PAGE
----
The terminal is served by the BNSF Railway and has a throughput capacity of 300 million gallons of ethanol annually. It will provide more efficient distribution of ethanol to underserved markets in the southeastern U.S. and provide economic benefits to the Birmingham market.
BlendStar is a wholly-owned subsidiary of Green Plains.
Todd Becker and Mahadevan Thantry cut the ribbon in front of the truck rack at the terminal where trucks come in to load ethanol.
Our ethanol plant in Central City was a big contributor to the 2012 Nebraska and National Cornhusking Contest. Because of their support, Central City received the Cornhusker Award "for going above and beyond to insure the success of the Hand Cornhusking Contest."
The award was presented by the Central City Area Chamber of Commerce on Jan., 28, 2013.
Congratulations to our Central City crew for all of their hard work in supporting their community!
I am co-owner of THE AUTO CHANNEL and THE AUTOCHANNEL.com. We are the Internet's largest automotive information resource. We are completely independent and not sponsored by any fuel producer.
The information provided by Lauren Fix about E15 is almost completely untrue. Lauren's explanation of phase-separation and the food-price argument about corn are preposterously puerile. In fact, if you live in a cold climate and your fuel tank and lines have a tendency to collect condensation (water), which would then freeze and cause real damage, the solution is to put Dry Gas in the fuel tank. Dry Gas is alcohol. Alcohol is ethanol. Ethanol "absorbs" the water moisture.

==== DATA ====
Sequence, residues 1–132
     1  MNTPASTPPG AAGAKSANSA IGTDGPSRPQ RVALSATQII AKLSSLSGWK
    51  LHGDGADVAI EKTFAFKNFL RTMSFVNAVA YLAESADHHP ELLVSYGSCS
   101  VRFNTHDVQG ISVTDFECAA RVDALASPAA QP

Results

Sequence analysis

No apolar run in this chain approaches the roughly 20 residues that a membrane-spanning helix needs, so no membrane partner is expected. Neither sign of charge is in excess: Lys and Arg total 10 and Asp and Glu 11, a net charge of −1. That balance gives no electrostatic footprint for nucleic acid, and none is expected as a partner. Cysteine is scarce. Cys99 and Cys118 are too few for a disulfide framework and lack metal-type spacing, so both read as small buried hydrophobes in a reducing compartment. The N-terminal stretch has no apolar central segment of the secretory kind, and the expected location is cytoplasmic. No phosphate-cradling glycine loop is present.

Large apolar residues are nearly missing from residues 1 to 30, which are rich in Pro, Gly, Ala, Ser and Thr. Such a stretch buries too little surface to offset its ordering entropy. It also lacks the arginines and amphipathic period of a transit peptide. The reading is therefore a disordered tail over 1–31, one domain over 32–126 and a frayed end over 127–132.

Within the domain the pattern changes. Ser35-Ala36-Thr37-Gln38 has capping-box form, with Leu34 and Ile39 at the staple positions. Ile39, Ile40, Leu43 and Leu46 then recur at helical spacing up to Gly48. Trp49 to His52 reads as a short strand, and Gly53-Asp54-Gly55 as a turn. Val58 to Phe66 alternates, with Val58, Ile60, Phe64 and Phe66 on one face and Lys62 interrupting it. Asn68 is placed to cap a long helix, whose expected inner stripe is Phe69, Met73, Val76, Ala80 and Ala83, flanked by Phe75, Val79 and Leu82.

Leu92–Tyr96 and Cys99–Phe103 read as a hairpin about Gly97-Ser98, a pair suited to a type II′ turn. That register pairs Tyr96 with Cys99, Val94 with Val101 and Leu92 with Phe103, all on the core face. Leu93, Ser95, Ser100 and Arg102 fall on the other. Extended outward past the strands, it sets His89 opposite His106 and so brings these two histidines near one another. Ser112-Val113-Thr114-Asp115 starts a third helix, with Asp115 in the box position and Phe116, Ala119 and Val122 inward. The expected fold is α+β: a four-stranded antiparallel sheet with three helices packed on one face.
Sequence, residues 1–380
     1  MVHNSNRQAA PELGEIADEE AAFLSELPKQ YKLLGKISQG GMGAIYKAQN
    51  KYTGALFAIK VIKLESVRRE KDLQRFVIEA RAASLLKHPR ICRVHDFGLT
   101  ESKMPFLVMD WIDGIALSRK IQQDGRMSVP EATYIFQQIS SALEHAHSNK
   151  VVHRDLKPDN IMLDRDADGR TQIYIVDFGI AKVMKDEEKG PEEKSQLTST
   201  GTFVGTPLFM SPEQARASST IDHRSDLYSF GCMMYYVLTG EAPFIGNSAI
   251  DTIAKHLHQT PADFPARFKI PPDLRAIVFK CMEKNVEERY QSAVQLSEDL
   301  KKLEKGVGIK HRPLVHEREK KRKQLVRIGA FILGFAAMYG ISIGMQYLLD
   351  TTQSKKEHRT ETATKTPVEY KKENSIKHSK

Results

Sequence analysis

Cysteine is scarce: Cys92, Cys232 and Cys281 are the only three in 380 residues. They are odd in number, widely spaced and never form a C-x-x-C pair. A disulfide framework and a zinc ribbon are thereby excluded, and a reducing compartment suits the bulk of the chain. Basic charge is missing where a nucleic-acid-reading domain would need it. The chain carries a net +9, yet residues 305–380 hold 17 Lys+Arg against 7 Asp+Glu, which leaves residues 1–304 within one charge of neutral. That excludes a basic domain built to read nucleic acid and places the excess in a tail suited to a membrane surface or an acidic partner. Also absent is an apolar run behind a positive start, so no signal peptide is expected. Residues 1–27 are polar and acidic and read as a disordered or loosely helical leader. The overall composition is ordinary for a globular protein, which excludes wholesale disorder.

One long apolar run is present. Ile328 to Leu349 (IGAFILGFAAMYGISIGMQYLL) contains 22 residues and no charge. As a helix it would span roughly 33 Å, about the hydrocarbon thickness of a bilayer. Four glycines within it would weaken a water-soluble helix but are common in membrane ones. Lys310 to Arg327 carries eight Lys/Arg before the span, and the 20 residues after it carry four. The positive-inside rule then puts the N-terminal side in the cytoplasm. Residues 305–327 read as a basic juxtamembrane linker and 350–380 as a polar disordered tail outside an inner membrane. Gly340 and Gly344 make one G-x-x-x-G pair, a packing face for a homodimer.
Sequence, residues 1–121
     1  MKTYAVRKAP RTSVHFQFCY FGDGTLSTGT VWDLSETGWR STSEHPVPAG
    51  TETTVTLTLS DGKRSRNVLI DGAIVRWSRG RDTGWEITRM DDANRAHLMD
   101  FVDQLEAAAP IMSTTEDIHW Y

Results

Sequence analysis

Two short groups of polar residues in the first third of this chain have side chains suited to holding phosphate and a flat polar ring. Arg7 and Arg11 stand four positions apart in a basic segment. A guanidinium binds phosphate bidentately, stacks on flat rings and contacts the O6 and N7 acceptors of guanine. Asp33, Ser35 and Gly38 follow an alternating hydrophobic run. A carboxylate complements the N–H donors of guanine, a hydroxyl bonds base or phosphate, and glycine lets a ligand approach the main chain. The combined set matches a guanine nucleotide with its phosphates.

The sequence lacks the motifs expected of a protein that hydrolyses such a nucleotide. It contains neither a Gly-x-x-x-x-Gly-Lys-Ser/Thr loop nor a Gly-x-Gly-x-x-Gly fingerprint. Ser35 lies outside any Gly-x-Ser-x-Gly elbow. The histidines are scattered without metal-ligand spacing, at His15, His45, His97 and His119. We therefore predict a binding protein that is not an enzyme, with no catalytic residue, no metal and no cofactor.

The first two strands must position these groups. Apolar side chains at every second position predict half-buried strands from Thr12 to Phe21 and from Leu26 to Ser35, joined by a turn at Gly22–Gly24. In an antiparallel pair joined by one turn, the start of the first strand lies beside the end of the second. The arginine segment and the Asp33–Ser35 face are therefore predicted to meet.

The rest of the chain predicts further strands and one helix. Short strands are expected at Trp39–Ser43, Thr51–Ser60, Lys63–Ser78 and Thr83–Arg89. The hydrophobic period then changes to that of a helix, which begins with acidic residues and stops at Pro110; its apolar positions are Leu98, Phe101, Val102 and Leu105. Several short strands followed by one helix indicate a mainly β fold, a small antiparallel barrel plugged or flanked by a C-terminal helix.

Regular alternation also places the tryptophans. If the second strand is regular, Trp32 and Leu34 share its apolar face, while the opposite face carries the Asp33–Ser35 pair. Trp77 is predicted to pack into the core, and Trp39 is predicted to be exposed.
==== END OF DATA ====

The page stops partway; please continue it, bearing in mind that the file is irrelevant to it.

Fuel left in an unused engine for an extended period of time can break down and cause a starting or running problem. This is true of all fuels, including and especially gasoline, which leaves gummy varnish like deposits. Sta-Bil, another product used to stabilize the gasoline left in dormant engines also contains alcohol to help prevent the gummy build up. And again, alcohol is ethanol.
E15 will not damage the engines of vehicles older than 2012. It has been extensively tested. It can be safely used in all modern gasoline-powered vehicles manufactured since the early 1990's, whether they are "flex-fuel" vehicles or not. Incidentally, when the EPA conducted their tests on E15 and gave their "clean bill of health," they also tested E20 and had the same positive conclusions.
I have been test driving vehicles for 25 years and have regularly used various blend levels of gasoline and ethanol with no negative reactions. Furthermore, I own and drive a non-flex fuel 2002 Ford Taurus that I run on high blend levels of gasoline and ethanol. My vehicle suffers from no problems that are not normally associated with all gasoline-powered vehicles.
The misinformation that Lauren Fix quoted is just part of the routine lies circulated by the American Petroleum Institute and other anti-ethanol entities to discredit any viable alternative fuel solution. I would be happy to provide you with, or direct you to correct information.